My uncle and cousins were staying in the Plaza hotel. They had apparently gotten a pretty meaty discount as a workplace benefit from one cousin's job at Saks Fifth. The Plaza was the lap of luxury. In addition to its cushy upholstery and widescreen LCD TV, the room featured an amalgamated control panel from which the television, lights, and thermostat could be adjusted (and from which you could order a wide variety of hotel services). And did I mention the complementary shoe shining?

It was getting pretty late, so we decided to leave my travel-weary uncle and cousins be. My mother, sister, sister's boyfriend, his parents and I headed over to the 24-hour Apple Store. From street-level, it appears as an enormous glass cube with an Apple logo on it. When you enter the doors, you descend a glass spiral staircase bordering a cylindrical glass elevator reminiscent of the turbolift in Star Trek. While I still think that Macs are more of a fashion statement than functional computers, I was quite taken with the Apple store's gleaming glory.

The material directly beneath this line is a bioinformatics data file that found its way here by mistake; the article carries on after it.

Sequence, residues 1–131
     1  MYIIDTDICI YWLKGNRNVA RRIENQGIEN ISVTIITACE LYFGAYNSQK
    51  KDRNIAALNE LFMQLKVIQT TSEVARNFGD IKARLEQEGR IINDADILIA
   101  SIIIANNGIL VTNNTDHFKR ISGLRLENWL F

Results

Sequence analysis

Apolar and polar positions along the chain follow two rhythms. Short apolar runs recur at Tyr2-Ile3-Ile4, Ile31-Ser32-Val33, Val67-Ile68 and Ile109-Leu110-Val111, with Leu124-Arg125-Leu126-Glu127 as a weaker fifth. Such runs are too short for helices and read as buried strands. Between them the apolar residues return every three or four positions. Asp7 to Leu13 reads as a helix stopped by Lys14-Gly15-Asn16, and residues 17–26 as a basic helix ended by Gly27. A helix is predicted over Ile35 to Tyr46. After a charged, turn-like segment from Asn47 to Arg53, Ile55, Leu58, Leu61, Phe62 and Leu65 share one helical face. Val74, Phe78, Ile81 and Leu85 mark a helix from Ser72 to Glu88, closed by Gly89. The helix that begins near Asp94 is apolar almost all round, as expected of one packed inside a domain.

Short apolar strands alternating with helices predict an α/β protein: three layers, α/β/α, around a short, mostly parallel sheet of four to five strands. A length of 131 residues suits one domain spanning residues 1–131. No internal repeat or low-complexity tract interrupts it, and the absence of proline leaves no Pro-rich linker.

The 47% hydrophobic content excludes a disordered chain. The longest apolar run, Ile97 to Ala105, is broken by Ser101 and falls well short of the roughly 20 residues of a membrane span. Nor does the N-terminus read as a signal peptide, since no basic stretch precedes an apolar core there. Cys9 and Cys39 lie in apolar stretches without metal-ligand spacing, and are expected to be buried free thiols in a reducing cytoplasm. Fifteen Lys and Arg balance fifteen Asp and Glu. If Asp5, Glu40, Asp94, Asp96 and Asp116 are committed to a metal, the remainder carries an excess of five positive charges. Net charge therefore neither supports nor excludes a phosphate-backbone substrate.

Amusingly, one of the largest concentrations of Asian people I saw outside Chinatown was a group of youth huddled around a table playing video games on the demo Macs. For a moment, I was challenged in my preconceptions that Macs were inadequate gaming devices... that was, until I realized that the most sophisticated game on display was Lego Star Wars.

But for all my Apple-bashing, the Apple store was a great place to finish the night off at. I mean, it suited me just right - it even had a Genius Bar. I approve.

(As it turns out, the Genius Bar is not a bar for geniuses as one might expect; but rather, a Macintosh tech support station located at every Apple retail location.)

To be continued...

2 comments: said...

Apple hater!! Poisonous frogs! Nice post.

-But they do wear surgical masks when they are sick in Japan >< maybe they aren't surgical masks. Maybe they are..... anti-bacterial masks?

a_ndy said...

Well when SARS hit Toronto, the popular masks were N95 (which are supposed to filter 95% airborne pathogens)... but what most people fail to consider is that you actually need to get "fit tested" for those kinds of masks. If you don't, they might not fit properly, which doesn't really protect you and kind of defeats the purpose.